This dataset was assembled to support the survey of existing historical newspaper interfaces in the context of the impresso – Media Monitoring of the Past project. It consists of manually collected and curated features (ca. 150) related to 24 interfaces.
This dataset is published under a Creative Commons Attribution 4.0 International License.
Historical Newspaper User Interfaces: A Review
After decades of large-scale digitization, many historical newspaper collections are just one click away via online portals developed and supported by various public or private stakeholders. Initially offering access to full text search and facsimiles visualization only, historic newspaper user interfaces are increasingly integrating advanced exploration features based on the application of text mining tools to digitized sources. As gateways to enriched material, such interfaces are however not neutral and play a fundamental role in how users perceive historical sources, understand potential biases of upstream processes and benefit from the opportunities of datafication. What features can be found in current interfaces, and to what degree do interfaces adopt novel technologies? This paper presents a survey of interfaces for digitized historical newspapers with the aim of mapping the current state of the art and identifying recent trends with regard to content presentation, enrichment and user interaction. We devised 6 interface assessment criteria and reviewed twenty-four interfaces based on ca. 140 predefined features.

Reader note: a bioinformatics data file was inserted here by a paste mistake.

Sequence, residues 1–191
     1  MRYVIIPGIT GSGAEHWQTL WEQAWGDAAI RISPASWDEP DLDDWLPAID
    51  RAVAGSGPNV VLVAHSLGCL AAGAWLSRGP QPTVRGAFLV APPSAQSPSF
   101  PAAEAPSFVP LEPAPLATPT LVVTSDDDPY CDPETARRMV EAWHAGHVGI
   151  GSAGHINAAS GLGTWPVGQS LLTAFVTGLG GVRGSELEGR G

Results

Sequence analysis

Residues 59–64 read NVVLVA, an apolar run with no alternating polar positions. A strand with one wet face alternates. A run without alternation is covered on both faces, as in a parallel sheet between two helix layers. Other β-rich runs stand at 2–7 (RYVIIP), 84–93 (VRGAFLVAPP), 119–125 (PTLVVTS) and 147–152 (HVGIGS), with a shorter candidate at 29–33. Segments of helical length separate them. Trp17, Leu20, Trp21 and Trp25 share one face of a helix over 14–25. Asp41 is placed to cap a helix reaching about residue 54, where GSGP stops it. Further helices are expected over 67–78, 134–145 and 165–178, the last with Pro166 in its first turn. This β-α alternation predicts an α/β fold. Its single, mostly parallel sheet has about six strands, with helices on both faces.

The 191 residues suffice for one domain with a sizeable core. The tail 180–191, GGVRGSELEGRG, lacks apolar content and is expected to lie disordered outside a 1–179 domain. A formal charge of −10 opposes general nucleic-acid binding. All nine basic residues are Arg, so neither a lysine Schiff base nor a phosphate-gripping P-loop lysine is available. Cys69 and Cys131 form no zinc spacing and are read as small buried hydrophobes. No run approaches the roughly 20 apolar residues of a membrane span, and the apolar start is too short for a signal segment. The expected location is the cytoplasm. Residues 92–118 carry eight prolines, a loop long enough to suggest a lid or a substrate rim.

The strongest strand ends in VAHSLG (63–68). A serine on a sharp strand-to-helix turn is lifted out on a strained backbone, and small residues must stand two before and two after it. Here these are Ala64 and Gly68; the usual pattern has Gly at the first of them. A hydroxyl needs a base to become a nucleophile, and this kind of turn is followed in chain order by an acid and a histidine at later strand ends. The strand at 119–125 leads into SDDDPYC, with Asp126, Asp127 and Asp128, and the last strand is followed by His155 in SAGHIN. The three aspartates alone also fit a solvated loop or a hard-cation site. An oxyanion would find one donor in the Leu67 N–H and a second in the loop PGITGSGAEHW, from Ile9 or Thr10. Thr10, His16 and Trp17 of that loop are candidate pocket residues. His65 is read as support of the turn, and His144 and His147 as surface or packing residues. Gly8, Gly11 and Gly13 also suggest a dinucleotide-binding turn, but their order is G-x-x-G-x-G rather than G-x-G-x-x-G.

[Proceedings of the 85th IFLA General Conference and Assembly]
2019-09-0285th IFLA General Conference and Assembly, Athens, Greece, 24-30 August 2019.
DOI : 10.5281/zenodo.3404155
Survey of digitized newspaper interfaces (dataset and notebooks)
This record contains the datasets and jupyter notebooks which support the analysis presented in the paper “Historical Newspaper User Interfaces: A Review”. Please refer to the paper or the github repository for more information (see links below), or do not hesitate to contact us!